The reluctance of publishers in the English-speaking world to translate works from other languages truly boggles the mind. At a point in the world’s history in which we are more connected than ever before, America and the rest of the Anglophone world remain remarkably isolated from the literary contributions of other languages and cultures. The statistics are rather eye-opening: Just two to three percent of books published every year in the U.S. and Britain are translations, in comparison to close to 35 percent in Western Europe and Latin America.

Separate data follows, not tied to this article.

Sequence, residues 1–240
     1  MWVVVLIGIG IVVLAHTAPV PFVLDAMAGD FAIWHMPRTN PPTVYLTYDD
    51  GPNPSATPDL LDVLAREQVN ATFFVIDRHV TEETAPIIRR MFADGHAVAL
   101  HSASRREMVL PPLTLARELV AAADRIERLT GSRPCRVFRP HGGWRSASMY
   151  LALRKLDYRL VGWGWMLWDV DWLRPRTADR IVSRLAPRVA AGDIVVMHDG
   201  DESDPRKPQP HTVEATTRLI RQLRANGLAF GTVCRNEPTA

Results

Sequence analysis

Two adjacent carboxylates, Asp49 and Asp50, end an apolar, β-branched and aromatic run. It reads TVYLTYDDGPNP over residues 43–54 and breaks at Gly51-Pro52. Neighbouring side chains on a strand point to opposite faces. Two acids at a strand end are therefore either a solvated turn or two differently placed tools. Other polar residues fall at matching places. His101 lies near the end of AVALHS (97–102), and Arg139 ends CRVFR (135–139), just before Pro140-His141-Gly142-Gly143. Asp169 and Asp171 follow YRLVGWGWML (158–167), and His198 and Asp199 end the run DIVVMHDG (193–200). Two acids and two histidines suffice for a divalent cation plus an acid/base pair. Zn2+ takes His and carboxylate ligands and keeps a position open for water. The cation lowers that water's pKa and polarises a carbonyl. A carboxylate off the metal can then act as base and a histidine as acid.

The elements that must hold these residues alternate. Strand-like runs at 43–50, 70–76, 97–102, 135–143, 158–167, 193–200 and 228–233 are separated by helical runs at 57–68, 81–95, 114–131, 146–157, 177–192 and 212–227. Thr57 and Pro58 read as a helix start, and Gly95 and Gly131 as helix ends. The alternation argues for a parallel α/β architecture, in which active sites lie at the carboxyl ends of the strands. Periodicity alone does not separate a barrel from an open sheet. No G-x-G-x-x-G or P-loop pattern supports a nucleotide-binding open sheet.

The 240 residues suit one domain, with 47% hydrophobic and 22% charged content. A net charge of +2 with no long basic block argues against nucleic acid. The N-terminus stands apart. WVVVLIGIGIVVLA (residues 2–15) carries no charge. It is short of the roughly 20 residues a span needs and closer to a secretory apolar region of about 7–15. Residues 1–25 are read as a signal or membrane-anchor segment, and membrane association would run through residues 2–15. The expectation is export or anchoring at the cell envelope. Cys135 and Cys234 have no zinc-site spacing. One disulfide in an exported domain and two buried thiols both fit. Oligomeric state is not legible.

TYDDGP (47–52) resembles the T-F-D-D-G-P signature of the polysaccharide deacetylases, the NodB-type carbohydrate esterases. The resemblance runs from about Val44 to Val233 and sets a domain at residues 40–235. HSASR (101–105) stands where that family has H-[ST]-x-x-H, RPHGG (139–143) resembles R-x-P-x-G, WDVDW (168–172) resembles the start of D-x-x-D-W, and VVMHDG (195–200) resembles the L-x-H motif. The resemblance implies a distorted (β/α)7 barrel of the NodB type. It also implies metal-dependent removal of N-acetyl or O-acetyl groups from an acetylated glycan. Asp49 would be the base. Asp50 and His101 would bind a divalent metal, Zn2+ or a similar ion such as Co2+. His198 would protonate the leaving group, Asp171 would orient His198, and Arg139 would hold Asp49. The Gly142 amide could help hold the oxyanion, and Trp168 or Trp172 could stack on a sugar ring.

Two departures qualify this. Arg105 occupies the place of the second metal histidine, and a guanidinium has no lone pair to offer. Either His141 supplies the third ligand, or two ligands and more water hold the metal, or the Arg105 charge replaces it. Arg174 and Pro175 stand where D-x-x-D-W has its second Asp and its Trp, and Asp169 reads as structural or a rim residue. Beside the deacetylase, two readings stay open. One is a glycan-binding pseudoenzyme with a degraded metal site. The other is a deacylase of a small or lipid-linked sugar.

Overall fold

Ignoring a bulk of the world’s literature represents a problem on several fronts. Aside from the fact that English speakers lose out on the obvious advantages gained by an understanding of different worldviews and perspectives found in foreign literature, as it turns out, a refusal on the part of publishers to translate books from other languages into English also does a disservice to non-English speakers the world over. “English often serves as the linguistic bridge for the translation of a book into a number of Asian and African languages.” Lastly, a paucity of translated works means that the exchange of information and ideas that is cherished by free, democratic societies ultimately suffers.
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